When I think of welfare, I think of pure money transfers from one group to another without any economic basis for the transfer. In such cases, one person’s gain arises from another’s loss. But economic activity that results in the exchange of goods and services is different. It is not a zero sum game. One person’s gain does not come at the expense of someone else.
The main feature of Social Security is not welfare as Samuelson asserts. The main feature is insurance against economic risks and as such it makes us collectively better off. Calling it welfare when it isn’t is misleading and causes unnecessary class distinctions and resentments from the losers ex-post. More importantly, it ignores and obscures the important role Social Security plays in society as insurance against the economic risks we all face.
If you think you are so rich and powerful that you don’t need such insurance, consider this. The stock market collapse of 1929 at the onset of the Great Depression wiped out substantial quantities of wealth. The typical stock was worth only one sixth its pre-crash value once the bottom was reached. Whatever insurance existed in the stock market evaporated as the crash unfolded.
It wasn’t the poor jumping out of windows on Wall street. If you think it can’t happen to you, think again.
Not only is privatization a bad idea (also note that we already have private Roth IRAs, Traditional IRA, 401k’s and other employer-sponsored retirement plans), it’s a political loser. In fact, Matt Y. makes a great case that it’s been such a loser for Bush and the Republicans that they’re looking for a few Democrats to bail them out, and that Democrats would be wise to decline:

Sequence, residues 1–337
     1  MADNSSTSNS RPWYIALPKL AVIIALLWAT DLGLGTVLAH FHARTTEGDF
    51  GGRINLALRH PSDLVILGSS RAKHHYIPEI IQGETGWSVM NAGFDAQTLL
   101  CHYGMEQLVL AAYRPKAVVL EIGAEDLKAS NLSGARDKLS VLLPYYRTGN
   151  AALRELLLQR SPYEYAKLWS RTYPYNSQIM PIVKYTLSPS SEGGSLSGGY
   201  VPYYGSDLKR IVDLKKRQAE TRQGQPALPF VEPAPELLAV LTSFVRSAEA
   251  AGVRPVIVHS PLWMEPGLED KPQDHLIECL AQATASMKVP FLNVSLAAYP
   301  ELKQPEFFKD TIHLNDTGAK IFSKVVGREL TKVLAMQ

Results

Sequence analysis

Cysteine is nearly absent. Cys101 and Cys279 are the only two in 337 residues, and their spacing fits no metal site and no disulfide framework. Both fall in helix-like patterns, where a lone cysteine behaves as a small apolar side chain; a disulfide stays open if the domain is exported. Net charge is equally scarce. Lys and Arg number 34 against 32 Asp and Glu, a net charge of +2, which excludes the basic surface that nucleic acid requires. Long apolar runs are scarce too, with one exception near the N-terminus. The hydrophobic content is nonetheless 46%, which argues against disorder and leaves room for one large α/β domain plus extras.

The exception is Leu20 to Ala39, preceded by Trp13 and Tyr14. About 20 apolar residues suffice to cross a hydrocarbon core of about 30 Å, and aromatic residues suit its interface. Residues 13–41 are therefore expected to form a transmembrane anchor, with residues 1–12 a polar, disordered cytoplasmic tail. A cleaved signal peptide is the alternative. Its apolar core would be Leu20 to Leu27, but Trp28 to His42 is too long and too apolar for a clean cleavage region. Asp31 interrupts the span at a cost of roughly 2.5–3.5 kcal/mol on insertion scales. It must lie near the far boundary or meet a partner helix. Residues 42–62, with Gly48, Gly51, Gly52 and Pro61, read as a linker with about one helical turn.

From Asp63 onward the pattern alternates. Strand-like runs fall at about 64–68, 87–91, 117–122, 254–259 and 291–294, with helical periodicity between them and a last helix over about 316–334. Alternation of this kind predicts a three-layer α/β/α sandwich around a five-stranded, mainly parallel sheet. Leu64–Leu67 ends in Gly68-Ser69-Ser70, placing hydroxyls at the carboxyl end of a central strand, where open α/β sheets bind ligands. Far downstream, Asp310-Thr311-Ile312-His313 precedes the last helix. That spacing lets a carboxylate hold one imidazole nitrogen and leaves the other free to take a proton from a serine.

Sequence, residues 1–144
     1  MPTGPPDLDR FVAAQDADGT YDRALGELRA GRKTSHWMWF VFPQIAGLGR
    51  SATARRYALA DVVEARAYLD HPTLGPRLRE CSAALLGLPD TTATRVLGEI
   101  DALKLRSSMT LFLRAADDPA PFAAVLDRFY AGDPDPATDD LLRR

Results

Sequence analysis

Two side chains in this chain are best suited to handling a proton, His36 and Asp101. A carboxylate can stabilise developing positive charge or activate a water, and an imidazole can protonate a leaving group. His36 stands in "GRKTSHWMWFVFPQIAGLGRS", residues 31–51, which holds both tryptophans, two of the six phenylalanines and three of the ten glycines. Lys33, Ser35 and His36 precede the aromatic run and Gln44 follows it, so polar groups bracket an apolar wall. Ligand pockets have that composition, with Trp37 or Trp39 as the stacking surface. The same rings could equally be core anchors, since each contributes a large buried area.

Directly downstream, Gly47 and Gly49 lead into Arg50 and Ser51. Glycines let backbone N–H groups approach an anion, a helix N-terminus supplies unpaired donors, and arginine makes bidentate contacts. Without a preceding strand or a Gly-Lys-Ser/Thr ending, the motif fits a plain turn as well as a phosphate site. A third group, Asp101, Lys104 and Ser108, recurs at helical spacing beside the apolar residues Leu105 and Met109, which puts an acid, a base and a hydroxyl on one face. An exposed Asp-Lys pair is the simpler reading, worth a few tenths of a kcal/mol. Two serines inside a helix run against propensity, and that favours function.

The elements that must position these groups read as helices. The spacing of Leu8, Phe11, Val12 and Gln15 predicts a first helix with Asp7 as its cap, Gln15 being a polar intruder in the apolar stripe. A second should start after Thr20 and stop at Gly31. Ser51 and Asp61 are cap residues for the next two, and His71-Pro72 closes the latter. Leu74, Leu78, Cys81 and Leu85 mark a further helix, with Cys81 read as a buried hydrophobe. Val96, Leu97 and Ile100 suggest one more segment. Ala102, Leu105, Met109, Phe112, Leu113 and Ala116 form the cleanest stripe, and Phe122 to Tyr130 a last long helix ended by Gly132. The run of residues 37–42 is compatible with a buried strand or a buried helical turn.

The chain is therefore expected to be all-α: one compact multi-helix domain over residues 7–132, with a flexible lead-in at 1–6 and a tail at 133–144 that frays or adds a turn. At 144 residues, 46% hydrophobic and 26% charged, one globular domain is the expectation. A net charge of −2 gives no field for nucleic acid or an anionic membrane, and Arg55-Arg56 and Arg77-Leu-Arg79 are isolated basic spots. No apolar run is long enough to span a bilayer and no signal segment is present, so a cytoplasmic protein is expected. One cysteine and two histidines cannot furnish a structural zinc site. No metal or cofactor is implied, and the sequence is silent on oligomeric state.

Today, on several separate occassions, several smart people who I respect seemed to be edging toward the “Democrats need an alternative plan” kool-aid. It is vital that people refrain from drinking said beverage and instead taste the sweet, sweet dogma that I will lay out herein.
… The only alternative: No alternative. Keep in mind that Bush has not put forward a plan, Democrats are under no obligation to put forward an alternative to nothing. What’s more, the Republicans do not — and will not, provided the Democrats stay united — have the votes to pass anything. The math of privatization requires some combination of higher taxes (à la Lindsay Graham), massive debt (à la Paul Ryan), or miserly accounts (à la White House background briefing). Any of these options will alienate some Republican legislators. You can try to find a balance between the various factors, but the GOP majorities simply aren’t large enough to finesse this dilemma. With Democratic cover — and the knowledge that with Democratic collaboration a bill will pass — you can put together enough Republican votes to pass something. Without cover, nothing will pass. Importantly, Democratic opposition need not be the key story here. The GOP has a majority — united they can pass what they want. If privatization fails, it will fail because of disagreements inside the Republican caucus.
Hold the line.